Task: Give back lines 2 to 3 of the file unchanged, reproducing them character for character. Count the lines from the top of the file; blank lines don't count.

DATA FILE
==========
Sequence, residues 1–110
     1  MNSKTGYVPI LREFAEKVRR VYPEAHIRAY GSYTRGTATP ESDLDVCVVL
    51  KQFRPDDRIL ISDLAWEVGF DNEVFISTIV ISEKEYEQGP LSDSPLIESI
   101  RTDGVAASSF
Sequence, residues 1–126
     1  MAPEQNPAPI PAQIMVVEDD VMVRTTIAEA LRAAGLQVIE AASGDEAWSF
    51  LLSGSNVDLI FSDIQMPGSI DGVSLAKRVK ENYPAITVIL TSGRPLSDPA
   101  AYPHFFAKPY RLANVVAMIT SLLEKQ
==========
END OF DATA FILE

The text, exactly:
     1  MNSKTGYVPI LREFAEKVRR VYPEAHIRAY GSYTRGTATP ESDLDVCVVL
    51  KQFRPDDRIL ISDLAWEVGF DNEVFISTIV ISEKEYEQGP LSDSPLIESI